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Stanford’s connection to Silicon Valley has fostered the creation of companies, such as Palantir and Google, that work with ICE and police. Computer Science is the largest major at Stanford22, creating a pipeline that churns out hundreds of graduates each year who go on to work at these companies. Today, companies contribute immense amounts of money to Stanford facilities and computer science research. Additionally, professors have worked at and still have appointments at Stanford-funded startups and companies, and continue to invest in grad students’ companies.23 Stanford’s prominent computer science focus and the Silicon Valley tech industry mutually support one another, acting like two sides of the same coin. Although Stanford advertises “ethical” computer science applications and “conscientious” startups, it uses this facade of care to hide the fact that this tech startup industry is just a new form of global capitalism. Its deceptive ethical considerations mislead people into thinking that social good can be achieved through more and “better” capitalistic growth and profit, but ultimately social entrepreneurship is just a new form of the same exploitative systems. While it can be tempting to believe that we can engineer or invest our way out of systemic problems like overpolicing and border violence, corporations act only in the interest of profit. To truly effect change, we must take collective action to put pressure on corporations where it hurts — profit. Without fresh Stanford graduates to build their violent technology, tech corporations will have nobody to create their products. Without consumers putting money into their pockets, tech corporations will have no way to continue existing. Stanford needs to be held accountable for its role in creating tech companies that work with ICE and Border Patrol, as well as for feeding students directly into these workplaces. Stanford claims to exist in order “to promote the public welfare by exercising an influence in behalf of humanity and civilization.” This relatively vague and open-ended mission statement leaves questions of ethics open for interpretation. Stanford has responsibility to define what constitutes “the public welfare” and what sort of “influence” Stanford should be preparing its students and affiliates to exercise. As Stanford students who fund the university endowment through our tuition, we have the obligation and the power to hold companies with ties to Stanford and border violence accountable.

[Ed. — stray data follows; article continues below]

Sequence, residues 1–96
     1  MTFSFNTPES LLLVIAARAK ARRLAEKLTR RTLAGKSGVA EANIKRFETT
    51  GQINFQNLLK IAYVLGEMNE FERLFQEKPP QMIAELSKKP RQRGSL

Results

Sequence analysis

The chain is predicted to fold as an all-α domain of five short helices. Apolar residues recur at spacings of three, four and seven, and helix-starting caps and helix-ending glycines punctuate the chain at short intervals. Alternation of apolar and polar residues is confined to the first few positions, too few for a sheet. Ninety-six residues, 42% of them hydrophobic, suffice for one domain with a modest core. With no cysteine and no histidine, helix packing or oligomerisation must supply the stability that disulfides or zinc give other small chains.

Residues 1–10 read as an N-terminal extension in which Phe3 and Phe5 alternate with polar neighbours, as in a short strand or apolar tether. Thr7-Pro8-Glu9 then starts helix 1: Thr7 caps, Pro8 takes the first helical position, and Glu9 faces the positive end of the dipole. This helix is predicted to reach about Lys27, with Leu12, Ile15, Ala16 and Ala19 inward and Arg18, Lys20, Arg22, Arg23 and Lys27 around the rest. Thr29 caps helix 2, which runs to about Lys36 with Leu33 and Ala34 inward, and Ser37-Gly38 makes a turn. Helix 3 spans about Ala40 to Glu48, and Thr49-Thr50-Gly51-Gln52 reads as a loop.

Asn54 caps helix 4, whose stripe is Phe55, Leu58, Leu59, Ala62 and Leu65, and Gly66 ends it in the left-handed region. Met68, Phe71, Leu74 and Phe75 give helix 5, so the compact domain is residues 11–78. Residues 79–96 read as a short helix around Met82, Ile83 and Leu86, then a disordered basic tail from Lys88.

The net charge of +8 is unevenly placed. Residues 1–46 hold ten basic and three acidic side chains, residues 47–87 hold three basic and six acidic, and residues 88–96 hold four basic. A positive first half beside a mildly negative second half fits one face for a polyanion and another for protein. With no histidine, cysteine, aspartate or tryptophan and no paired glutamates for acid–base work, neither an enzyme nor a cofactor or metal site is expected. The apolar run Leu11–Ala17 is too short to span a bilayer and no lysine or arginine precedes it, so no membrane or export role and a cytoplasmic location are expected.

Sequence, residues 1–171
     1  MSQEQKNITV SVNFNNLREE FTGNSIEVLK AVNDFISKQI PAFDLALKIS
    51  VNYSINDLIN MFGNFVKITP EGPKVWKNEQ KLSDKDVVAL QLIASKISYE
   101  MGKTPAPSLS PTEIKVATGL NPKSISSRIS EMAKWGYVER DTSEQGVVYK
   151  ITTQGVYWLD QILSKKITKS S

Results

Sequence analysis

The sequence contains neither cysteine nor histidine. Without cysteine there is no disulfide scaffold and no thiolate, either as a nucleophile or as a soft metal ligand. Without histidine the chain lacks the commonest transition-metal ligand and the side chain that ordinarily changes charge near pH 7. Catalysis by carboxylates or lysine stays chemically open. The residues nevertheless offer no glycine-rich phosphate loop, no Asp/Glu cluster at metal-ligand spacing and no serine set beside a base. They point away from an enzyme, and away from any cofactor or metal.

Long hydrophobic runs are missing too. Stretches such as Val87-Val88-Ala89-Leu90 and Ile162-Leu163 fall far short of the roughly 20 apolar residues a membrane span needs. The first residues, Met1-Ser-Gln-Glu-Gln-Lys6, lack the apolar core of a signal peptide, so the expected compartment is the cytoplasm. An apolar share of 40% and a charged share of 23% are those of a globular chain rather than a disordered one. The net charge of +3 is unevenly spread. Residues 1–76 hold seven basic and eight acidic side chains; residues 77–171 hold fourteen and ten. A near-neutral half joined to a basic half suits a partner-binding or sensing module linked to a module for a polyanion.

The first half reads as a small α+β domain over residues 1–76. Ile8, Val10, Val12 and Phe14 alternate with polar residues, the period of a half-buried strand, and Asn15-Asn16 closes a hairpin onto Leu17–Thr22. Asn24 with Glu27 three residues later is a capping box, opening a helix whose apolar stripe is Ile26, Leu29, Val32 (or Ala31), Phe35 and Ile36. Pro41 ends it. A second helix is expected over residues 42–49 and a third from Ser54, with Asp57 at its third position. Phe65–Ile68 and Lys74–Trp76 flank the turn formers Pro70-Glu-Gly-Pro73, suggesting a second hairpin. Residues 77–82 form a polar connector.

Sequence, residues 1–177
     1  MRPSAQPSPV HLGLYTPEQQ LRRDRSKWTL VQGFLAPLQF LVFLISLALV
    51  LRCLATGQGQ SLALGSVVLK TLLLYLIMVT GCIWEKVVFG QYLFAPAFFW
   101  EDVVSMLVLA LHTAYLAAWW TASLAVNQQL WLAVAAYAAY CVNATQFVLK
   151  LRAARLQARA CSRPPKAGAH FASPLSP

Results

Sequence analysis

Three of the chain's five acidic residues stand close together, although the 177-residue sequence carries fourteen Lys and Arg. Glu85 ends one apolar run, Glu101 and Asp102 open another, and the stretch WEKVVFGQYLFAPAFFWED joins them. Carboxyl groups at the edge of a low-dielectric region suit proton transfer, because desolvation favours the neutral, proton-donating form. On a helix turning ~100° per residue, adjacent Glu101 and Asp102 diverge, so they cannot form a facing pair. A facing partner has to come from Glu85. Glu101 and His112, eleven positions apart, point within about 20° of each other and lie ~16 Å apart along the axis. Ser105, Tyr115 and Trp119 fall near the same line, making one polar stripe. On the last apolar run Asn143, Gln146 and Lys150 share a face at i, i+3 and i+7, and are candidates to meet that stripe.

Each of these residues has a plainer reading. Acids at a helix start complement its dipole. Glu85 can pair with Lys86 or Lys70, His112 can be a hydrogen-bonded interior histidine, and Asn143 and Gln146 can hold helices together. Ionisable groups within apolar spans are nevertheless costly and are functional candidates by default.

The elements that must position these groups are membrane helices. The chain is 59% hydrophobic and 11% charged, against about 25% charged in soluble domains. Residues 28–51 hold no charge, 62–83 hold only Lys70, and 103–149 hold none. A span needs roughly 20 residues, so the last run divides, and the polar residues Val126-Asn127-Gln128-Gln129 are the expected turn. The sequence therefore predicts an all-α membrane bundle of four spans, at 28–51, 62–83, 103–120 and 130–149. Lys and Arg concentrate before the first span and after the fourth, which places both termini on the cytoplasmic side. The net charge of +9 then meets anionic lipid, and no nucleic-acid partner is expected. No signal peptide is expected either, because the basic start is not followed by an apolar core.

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our demands to stanford admin Close off relationships with tech companies implicated in immigration enforcement and border control until these companies agree to end their contracts with CBP, ICE, police departments and other arms of the deportation machine in the united states. This includes:

• • •

Inviting these companies to the Computer Forum and career fairs Holding recruitment info sessions Bringing panelists from tech companies

to companies Cancel your contracts with immigration enforcement and all ties with ICE, CBP, police departments and other arms of the deportation machine in the united states.

Stop making excuses. Donating to causes doesn’t minimize or justify your profits from border enforcement. Be transparent about what you are doing and accountable to your impacts.

action items to students Pledge not to work for the companies that have contracts with immigration enforcement.